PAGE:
I would conclude that “A” people love the “process”, and “B” people love the “product”.
Speaking for myself, I prefer “A”. Being in the middle of something leaves the possibility that surprises could still happen. There’s movement in that photo, and anticipation. It’s not over until it’s over.
But for the purposes of this post, I choose “B”: my November finish for the One Monthly Goal Challenge over on Elm Street quilts:
I got my “Frolic” quilted, bound, and threads pulled, truly DONE. I was motivated because Bonnie Hunter’s 2020 mystery season starts this Friday. I made my deadline with time to spare.
I think “B” actually makes me a little sad, because it’s been promptly followed by “C”:
Because I live in a mild climate zone with non quilters, my quilts are, shall we say, under-appreciated and under-used. So I squirrel them away here and there. We don’t need people poking around, saying that we might consider that one could have too many quilts, and shouldn’t one slow down a bit, now do we?
Instead of the Bible passage, I want to write about what everyone’s talking about lately: Socialism. It’s a word to be feared, it’s unAmerican. But it’s taking hold, and I could go on about this alarming fact. I will share a memory instead.
I was maybe 8 or 9 years old. My best friend, Carrie*, lived behind me and we’d walk through our back yards and knock on kitchen doors to ask moms if we could come out and play.
Mothers used this leverage to get a chore or two done before allowing us to go, so there was some waiting involved. But then there’d be hours of freedom, making clubhouses and holding club meetings. We both had a younger sister, which completed the membership.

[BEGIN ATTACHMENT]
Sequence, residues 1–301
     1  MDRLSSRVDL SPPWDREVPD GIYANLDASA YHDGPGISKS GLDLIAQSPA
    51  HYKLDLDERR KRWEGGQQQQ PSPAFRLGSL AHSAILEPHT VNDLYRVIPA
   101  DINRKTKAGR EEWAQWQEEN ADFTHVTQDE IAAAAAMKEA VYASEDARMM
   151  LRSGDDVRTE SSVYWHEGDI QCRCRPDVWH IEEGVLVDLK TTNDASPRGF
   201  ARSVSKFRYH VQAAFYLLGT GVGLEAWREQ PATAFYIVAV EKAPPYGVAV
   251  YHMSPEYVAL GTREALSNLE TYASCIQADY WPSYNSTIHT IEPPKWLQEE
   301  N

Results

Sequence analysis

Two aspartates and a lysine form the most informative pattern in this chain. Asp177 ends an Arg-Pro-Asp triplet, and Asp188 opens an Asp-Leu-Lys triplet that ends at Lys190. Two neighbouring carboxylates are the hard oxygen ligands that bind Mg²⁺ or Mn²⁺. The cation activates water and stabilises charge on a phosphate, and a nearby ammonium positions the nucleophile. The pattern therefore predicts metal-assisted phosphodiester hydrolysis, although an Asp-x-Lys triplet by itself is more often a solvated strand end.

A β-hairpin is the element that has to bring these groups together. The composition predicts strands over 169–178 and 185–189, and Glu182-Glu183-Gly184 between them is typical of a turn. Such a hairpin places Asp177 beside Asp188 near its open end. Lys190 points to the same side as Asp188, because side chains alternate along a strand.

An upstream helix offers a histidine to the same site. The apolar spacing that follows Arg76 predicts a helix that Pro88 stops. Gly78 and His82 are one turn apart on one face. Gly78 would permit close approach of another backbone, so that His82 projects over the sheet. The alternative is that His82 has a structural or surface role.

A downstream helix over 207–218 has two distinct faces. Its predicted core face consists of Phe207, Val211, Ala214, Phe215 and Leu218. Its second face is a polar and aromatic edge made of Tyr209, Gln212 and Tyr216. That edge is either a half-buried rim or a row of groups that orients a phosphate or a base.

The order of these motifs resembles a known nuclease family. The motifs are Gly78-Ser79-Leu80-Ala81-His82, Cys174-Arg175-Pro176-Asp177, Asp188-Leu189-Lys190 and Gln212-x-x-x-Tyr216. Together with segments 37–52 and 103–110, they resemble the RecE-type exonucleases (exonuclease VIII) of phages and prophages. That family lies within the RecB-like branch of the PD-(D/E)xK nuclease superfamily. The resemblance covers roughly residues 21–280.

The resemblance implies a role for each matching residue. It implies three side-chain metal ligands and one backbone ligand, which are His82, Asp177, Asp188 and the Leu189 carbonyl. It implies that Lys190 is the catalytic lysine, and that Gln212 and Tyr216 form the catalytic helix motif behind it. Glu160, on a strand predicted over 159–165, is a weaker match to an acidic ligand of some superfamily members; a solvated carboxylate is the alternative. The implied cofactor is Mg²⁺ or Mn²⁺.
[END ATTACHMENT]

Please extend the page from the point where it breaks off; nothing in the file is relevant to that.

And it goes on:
One Saturday, Carrie came outside with a plan. Summer was coming, so it was time to buy swimsuits. She had asked her mother if she could get a bikini, and was flatly refused her request. This made Carrie want a two piece with even more longing. Her plan was to raise the money by selling lemonade and buying the bikini herself. She proposed that we do this all together, and the three of us agreed with enthusiasm.
My naive childhood mind filled in the blank: We will be splitting the proceeds evenly so everyone will come out with a new bikini. I didn’t really want a bikini; the thought hadn’t occurred to me that it was an important thing to want until Carrie brought it up. Any ways, my mother would probably buy me one if one was requested. But in the spirit of the corps, I threw myself into the day. We assembled koolaid pitchers and Dixie cups and ice from both our kitchens, and worked under a hot sun all day long.